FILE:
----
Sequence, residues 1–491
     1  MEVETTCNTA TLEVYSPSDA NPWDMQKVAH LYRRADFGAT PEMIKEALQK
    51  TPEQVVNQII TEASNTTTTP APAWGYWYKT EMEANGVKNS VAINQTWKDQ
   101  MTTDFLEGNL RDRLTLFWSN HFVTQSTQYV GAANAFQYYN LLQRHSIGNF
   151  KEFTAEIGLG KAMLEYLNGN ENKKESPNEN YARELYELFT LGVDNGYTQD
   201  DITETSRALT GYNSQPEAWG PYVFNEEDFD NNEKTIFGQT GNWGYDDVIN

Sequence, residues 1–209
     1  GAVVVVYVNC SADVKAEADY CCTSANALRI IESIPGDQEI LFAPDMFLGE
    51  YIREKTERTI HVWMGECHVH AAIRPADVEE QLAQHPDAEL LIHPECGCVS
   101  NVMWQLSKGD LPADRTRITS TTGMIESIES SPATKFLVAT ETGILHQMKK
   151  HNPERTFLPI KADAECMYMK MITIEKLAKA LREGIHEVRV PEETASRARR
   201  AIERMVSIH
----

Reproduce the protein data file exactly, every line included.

Sequence, residues 1–491
     1  MEVETTCNTA TLEVYSPSDA NPWDMQKVAH LYRRADFGAT PEMIKEALQK
    51  TPEQVVNQII TEASNTTTTP APAWGYWYKT EMEANGVKNS VAINQTWKDQ
   101  MTTDFLEGNL RDRLTLFWSN HFVTQSTQYV GAANAFQYYN LLQRHSIGNF
   151  KEFTAEIGLG KAMLEYLNGN ENKKESPNEN YARELYELFT LGVDNGYTQD
   201  DITETSRALT GYNSQPEAWG PYVFNEEDFD NNEKTIFGQT GNWGYDDVIN

Sequence, residues 1–209
     1  GAVVVVYVNC SADVKAEADY CCTSANALRI IESIPGDQEI LFAPDMFLGE
    51  YIREKTERTI HVWMGECHVH AAIRPADVEE QLAQHPDAEL LIHPECGCVS
   101  NVMWQLSKGD LPADRTRITS TTGMIESIES SPATKFLVAT ETGILHQMKK
   151  HNPERTFLPI KADAECMYMK MITIEKLAKA LREGIHEVRV PEETASRARR
   201  AIERMVSIH